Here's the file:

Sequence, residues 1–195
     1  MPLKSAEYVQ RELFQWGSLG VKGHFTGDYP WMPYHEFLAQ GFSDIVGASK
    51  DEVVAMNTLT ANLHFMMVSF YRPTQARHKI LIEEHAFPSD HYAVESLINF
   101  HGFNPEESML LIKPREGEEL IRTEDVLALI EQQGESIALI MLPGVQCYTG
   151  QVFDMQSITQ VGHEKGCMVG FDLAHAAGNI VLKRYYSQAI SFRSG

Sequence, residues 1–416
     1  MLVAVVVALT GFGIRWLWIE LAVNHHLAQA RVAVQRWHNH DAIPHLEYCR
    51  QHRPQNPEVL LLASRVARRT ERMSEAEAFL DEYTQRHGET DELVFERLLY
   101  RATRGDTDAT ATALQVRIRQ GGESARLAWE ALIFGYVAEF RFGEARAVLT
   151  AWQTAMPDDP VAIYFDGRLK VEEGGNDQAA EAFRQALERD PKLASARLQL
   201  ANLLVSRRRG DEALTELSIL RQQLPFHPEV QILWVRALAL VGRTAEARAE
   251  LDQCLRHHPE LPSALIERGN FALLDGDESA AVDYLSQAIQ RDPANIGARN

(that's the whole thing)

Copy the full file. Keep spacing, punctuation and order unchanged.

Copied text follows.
Sequence, residues 1–195
     1  MPLKSAEYVQ RELFQWGSLG VKGHFTGDYP WMPYHEFLAQ GFSDIVGASK
    51  DEVVAMNTLT ANLHFMMVSF YRPTQARHKI LIEEHAFPSD HYAVESLINF
   101  HGFNPEESML LIKPREGEEL IRTEDVLALI EQQGESIALI MLPGVQCYTG
   151  QVFDMQSITQ VGHEKGCMVG FDLAHAAGNI VLKRYYSQAI SFRSG

Sequence, residues 1–416
     1  MLVAVVVALT GFGIRWLWIE LAVNHHLAQA RVAVQRWHNH DAIPHLEYCR
    51  QHRPQNPEVL LLASRVARRT ERMSEAEAFL DEYTQRHGET DELVFERLLY
   101  RATRGDTDAT ATALQVRIRQ GGESARLAWE ALIFGYVAEF RFGEARAVLT
   151  AWQTAMPDDP VAIYFDGRLK VEEGGNDQAA EAFRQALERD PKLASARLQL
   201  ANLLVSRRRG DEALTELSIL RQQLPFHPEV QILWVRALAL VGRTAEARAE
   251  LDQCLRHHPE LPSALIERGN FALLDGDESA AVDYLSQAIQ RDPANIGARN